Spring Festival is the most important holiday for many Chinese people. The number of people travelling during this period during 2019 reached as many as 2.98 billion. The 2020 Spring Festival travel rush began on 10 January as people gathered with families. Who could have imagined what we were about to face?
On 20 January, the news about a new pneumonia spread among the public. Zhong Nanshan, a medical expert in China, warned the media and government that a virus caused pneumonia, it could spread from person to person, and some medical professionals had been infected in Wuhan City. My partner brought home some masks after work and told me that his company had shared them with employees. More and more people were wearing masks in the city and we did too.

On 23 January, two days before Chinese New Year, the Wuhan government locked the city down at 10am. The numbers of infected people and the death toll were increasing. It was confirmed by the World Health Organization (WHO) situation report - 24 that by 13 February, 46,997 people in the world were confirmed infected with the coronavirus, SARS-COV-2 (which causes the disease currently known as COVID-19). 46,550 of those people were infected in China, with 1,368 deaths.

For a few weeks, millions of Chinese citizens tried to limit human-to-human transmission by staying at home. The Spring Festival travel rush suddenly disappeared. We were strongly encouraged to isolate ourselves in our local communities to prevent transmission. The streets became quiet and I could hear birds singing when I opened the window. That was quite rare, since there are about 9,000 families and 30,000 people in the community where I live; my city always has hustle and bustle outside. Public places such as museums, libraries and cinemas were closed temporarily to avoid crowds, and schools were closed.

Measures to prevent coronavirus infection brought lots of changes. The majority of us stayed at home all day long, only going out to buy food. More than 25,000 doctors and nurses came from all over the country to support hospitals in Hubei province and helped to relieve local medical professionals. After about two weeks, my son’s primary school began to provide lessons online.

I sometimes provide in-person breastfeeding support on a volunteer basis, but it was no longer safe to do so at that time. Thankfully, technology provided opportunities: I was able to provide online breastfeeding support via WeChat, an instant messenger program based in China. I with a little surprised to find that one of the participants was brushing her teeth and another washing her face, which never happens when meeting people in person!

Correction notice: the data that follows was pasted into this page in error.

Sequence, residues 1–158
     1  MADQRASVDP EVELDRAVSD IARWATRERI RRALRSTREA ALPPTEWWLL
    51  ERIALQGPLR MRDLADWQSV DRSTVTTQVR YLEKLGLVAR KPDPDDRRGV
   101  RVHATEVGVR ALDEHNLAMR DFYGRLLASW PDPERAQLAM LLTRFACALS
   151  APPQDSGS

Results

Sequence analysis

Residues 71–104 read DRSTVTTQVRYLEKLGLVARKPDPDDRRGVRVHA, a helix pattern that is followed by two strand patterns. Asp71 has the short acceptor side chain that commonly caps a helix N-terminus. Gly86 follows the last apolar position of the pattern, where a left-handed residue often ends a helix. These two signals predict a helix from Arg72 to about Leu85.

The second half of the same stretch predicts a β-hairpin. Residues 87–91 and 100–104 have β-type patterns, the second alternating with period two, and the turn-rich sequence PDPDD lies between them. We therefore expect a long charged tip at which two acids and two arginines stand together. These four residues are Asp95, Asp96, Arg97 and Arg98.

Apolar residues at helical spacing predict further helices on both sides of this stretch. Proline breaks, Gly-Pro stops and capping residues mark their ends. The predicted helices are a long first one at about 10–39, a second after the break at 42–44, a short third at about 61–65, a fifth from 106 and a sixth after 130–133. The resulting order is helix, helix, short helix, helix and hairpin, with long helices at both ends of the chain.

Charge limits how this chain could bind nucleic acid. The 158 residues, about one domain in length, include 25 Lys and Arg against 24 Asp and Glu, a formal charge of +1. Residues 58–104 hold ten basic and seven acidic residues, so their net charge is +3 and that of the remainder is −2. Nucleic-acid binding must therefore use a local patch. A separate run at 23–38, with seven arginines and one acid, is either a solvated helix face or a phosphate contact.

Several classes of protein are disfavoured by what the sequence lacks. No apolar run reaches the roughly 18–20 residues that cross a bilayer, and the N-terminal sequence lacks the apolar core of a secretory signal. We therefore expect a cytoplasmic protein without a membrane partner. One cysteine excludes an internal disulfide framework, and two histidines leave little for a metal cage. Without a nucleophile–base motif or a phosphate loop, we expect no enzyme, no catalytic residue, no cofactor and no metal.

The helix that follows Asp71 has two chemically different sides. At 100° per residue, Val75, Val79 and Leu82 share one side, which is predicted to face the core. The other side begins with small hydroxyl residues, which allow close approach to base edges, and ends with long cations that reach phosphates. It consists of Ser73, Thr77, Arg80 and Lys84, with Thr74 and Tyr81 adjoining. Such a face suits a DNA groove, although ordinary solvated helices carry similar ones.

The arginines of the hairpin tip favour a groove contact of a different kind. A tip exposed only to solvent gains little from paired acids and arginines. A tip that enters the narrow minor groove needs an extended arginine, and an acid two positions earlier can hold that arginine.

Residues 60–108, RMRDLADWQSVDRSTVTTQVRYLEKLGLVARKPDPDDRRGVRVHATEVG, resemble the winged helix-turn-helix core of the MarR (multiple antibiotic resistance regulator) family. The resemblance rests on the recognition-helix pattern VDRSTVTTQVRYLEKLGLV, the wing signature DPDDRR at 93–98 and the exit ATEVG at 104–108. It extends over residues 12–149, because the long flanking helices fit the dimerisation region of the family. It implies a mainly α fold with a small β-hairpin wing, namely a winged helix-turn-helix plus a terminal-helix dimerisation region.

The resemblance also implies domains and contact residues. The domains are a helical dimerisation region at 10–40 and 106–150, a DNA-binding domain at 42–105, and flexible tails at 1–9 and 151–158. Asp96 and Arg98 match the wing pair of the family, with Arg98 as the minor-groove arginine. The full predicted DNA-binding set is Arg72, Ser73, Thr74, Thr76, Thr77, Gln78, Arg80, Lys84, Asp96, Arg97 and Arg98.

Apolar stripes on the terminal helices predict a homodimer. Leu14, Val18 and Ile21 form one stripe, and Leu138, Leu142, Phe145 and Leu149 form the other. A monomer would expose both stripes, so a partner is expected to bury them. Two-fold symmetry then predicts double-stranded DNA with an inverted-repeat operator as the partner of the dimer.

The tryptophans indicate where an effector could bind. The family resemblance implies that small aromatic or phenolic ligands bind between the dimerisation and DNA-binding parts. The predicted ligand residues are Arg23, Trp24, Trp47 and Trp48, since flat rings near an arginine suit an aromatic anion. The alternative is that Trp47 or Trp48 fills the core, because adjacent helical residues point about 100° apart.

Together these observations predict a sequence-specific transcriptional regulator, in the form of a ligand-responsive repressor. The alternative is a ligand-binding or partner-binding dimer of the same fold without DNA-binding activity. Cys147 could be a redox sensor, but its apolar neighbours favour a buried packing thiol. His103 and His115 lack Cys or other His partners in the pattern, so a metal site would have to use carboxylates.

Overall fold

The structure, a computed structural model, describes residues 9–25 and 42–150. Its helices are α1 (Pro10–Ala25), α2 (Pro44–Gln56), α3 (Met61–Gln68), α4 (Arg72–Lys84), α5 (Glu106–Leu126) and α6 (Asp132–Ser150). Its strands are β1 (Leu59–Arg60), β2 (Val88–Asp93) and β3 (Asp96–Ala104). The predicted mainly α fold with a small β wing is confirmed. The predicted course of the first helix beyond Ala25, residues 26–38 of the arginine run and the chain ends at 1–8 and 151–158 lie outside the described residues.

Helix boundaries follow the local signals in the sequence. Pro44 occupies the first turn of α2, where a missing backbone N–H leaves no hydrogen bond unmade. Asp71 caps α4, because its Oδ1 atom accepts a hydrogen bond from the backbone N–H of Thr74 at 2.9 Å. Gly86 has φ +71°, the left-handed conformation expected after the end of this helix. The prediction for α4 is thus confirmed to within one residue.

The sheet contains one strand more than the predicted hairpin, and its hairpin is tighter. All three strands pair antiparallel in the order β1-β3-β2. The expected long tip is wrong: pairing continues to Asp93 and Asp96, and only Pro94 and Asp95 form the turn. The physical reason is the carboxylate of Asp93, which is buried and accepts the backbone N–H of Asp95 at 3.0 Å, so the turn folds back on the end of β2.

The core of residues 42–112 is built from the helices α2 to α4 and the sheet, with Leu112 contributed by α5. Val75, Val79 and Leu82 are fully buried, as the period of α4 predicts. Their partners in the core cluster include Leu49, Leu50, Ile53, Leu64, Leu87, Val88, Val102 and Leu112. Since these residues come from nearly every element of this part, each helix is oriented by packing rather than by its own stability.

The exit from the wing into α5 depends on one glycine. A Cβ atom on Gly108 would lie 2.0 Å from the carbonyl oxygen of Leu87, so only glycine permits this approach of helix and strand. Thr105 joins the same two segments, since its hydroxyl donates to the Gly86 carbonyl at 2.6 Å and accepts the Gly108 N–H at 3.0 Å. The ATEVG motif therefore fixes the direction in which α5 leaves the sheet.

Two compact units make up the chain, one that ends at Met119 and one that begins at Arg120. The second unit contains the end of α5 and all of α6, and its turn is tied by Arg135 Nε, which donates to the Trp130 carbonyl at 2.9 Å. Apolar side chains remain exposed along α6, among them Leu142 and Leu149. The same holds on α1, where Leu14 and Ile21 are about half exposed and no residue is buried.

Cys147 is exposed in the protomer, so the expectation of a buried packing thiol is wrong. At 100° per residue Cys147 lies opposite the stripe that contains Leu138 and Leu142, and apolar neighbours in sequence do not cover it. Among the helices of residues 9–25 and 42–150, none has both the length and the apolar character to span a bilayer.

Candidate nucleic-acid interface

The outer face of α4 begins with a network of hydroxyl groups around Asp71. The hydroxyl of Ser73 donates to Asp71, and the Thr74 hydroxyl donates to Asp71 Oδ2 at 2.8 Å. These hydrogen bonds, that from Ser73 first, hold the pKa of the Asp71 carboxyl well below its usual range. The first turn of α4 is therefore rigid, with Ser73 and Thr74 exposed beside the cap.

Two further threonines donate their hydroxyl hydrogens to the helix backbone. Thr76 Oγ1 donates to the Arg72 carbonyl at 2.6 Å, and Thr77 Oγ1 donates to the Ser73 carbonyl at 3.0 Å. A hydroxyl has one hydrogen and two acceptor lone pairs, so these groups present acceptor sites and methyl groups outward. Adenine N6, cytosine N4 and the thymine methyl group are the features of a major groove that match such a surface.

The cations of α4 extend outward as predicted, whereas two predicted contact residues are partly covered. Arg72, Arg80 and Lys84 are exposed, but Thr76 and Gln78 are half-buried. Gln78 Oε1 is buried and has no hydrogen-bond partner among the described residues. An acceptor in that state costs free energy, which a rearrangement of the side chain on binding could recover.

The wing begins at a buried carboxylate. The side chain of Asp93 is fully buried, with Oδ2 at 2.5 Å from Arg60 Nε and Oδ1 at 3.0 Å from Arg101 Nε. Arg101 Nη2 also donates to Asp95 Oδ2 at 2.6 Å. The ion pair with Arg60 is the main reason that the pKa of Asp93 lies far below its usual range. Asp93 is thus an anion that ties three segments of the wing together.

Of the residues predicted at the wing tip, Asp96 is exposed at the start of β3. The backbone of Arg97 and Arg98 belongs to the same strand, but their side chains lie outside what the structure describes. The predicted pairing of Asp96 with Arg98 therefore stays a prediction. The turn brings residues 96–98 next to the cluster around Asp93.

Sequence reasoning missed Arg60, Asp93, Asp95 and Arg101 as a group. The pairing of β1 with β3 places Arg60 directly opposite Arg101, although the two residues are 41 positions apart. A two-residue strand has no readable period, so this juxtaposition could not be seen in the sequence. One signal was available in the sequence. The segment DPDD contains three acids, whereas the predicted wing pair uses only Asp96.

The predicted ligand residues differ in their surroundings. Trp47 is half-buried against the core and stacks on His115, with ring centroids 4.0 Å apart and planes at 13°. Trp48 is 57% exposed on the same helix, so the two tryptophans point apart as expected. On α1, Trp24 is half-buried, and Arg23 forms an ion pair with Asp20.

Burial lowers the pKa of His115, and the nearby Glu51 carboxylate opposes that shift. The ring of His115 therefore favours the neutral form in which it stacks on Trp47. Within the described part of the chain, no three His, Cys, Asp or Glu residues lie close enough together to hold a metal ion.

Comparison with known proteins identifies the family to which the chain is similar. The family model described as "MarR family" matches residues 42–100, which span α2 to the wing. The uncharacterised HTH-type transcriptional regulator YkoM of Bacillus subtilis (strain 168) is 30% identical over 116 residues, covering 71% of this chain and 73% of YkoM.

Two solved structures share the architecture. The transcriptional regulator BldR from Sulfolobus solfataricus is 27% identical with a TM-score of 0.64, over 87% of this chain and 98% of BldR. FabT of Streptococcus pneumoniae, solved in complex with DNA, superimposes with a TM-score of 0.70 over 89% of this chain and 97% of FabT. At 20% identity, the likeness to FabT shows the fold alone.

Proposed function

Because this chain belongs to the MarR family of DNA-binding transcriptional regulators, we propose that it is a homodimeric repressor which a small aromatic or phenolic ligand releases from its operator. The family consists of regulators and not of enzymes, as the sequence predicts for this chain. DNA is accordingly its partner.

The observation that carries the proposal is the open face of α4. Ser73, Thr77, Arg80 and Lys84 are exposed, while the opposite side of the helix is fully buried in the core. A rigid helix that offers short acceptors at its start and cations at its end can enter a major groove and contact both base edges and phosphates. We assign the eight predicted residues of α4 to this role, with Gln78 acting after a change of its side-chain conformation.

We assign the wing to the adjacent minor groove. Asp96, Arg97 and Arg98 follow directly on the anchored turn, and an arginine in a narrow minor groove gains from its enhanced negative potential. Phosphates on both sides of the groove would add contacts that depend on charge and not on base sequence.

After talking about general breastfeeding topics, towards the end of our discussion I asked people to share how they were coping with the coronavirus and how it affected their daily life. One mother had a neighbour who had just confirmed positive for the virus, and she has written her story elsewhere in this magazine. I remember another mother, with a two-month-old baby, saying that the unexpected time staying at home felt just like an extension to the “confinement period” she had already experienced for the first month after her baby was born.

Volunteer work has helped me maintain normalcy and lessen pressure in the middle of this unexpected chaos. Besides providing breastfeeding support, I looked for information for breastfeeding families during the breakout of coronavirus. A huge amount of useful information was available, in particular the WHO interim guide. Collecting and sharing information with those who need it makes me feel a bond between us and gives me a sense of belonging.

Chinese people are now trying to resume their normal lives at their own pace. I believe that in the near future, breastfeeding families will be able to exchange hugs and their stories without wearing masks.

Update on 19 March 2020 

In the two months since most Chinese people learned about this coronavirus, we have made great efforts and passed the darkest times. On 17 March, some provinces used charter flights or vehicles to bring back medical workers dispatched to Hubei Province. The first group consisted of 41 teams comprising 3,675 medical workers. To combat COVID-19, 346 medical teams totalling 42,600 healthcare professionals came to help from all over China. On 18 March, no new infections of the novel coronavirus were reported in Wuhan, the epicenter of the epidemic. Confirmed cases on the same day were 34, all of them imported from overseas.

As for daily life, the focus is on economics. The government is encouraging companies to work normally and is providing necessary temporary measures such as reducing tax for some small companies. In Xiamen, my hometown, outdoor public places were reopened on 22 February so that people could relax and exercise, but indoor places such as libraries and museums remain closed. My son is still learning online at home and he is longing to return to his primary school, hopefully at the beginning of April.

Close to the Heart Vol. 21, No. 1 (Early- & Mid-Year 2020)
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<![CDATA[The Impact of COVID-19 on Breastfeeding Families Around the World]]>Sat, 11 Jul 2020 15:16:10 GMThttps://www.lllasia.org/close-to-the-heart-articles/the-impact-of-covid-19-on-breastfeeding-families-around-the-worldby Jenny Buck
Leader with LLL Hong Kong - English Group

The timing and severity of the crisis have varied widely across our region. Many parts of China experienced a severe lockdown from mid-January to mid-March. Hong Kong and Taiwan started dealing with the crisis in late January and have been largely successful in keeping the situation under control, with only limited restrictions required. More recently, from mid-March onwards, other countries started taking action and have implemented moderate to severe restrictions, either as preventive measures or in response to an escalating public health crisis.